Why Does Mitt Romney Running Mate Paul Ryan (R-WI) Hate American Values
Many millions of working-age Americans would lose health insurance. Senior citizens would anguish over whether to pay their rent or their medical bills, in a way they haven’t since the 1960s. Government would be so starved of resources that, by 2050, it wouldn’t have enough money for core functions like food inspections and highway maintenance. And the richest Americans would get a huge tax cut.There are two more items and details of Paul Ryan's (R-WI) radical anti-Americanism and anti-common decency at the link. Ryan, while already 42, is considered a "young gun" by Republican leaders, the future of conservatism that continues to move further and further to the radical anti-American right-wing conservatism. His views on Social Security should be either scary or laughable to rational Americans, he wants to hand over your retirement safety net to the same people who lost $17 trillion of America's wealth. Now that America is suffering for that, Romney and Ryan want the middle-class and working poor to pay for the shortage in the government coffers instead of their buddies on Wall Street, who are back to living the reckless lifestyle they were before the crash caused by Republicans in 2007-2008.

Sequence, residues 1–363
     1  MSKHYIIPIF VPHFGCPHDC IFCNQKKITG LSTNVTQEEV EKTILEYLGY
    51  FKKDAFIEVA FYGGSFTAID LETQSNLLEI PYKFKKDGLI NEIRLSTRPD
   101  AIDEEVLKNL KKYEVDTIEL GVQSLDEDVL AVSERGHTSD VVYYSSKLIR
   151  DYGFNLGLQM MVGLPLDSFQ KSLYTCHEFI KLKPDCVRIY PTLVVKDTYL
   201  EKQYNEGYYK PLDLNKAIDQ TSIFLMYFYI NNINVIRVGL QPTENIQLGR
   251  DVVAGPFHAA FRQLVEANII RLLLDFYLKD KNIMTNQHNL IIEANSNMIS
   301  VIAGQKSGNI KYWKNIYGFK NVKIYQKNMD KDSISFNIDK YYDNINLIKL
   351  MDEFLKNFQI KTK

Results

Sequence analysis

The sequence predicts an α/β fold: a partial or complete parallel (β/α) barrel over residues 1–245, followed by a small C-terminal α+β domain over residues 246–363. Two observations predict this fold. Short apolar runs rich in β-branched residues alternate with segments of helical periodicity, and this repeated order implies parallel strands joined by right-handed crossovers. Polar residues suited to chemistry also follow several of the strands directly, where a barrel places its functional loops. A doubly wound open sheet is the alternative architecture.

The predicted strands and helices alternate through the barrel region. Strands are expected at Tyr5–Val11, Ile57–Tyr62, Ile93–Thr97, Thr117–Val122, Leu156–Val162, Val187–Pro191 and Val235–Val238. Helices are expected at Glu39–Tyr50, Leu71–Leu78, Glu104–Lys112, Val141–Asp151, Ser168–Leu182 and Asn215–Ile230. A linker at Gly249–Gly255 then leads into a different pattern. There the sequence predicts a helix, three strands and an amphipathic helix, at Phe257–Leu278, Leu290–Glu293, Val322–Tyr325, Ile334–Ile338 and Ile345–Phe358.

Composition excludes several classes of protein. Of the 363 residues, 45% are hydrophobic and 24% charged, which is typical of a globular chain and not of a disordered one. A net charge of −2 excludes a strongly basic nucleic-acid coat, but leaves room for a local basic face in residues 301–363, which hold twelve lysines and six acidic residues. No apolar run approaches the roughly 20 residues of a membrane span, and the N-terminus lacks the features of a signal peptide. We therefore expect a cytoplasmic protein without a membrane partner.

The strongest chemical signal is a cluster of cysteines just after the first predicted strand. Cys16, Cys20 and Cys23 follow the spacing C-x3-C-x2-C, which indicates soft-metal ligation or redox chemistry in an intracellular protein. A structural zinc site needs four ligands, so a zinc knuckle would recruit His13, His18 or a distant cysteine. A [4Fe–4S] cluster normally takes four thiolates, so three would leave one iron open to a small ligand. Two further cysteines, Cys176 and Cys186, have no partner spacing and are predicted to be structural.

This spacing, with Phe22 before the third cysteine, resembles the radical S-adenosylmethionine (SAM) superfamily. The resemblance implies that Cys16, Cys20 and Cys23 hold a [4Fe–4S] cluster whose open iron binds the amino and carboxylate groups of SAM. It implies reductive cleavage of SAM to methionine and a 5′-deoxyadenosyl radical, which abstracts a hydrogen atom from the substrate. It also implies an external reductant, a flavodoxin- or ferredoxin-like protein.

This is the America that Paul Ryan envisions. And now we know that it is the America Mitt Romney envisions.
Of course, we should have known that already. Romney committed himself to the Ryan agenda during the presidential primaries, both by embracing the Ryan budget rhetorically and specifically proposing key features of Ryan’s agenda, starting with a tight cap on federal spending. But if anybody doubted that Romney was serious about these commitments, the Ryan pick should put those doubts to rest. Maybe Romney sincerely believes these ideas are right for the country and maybe he feels that endorsing thiem is necessary to please his party’s base. It really doesn’t matter. It’s the way he intends to govern.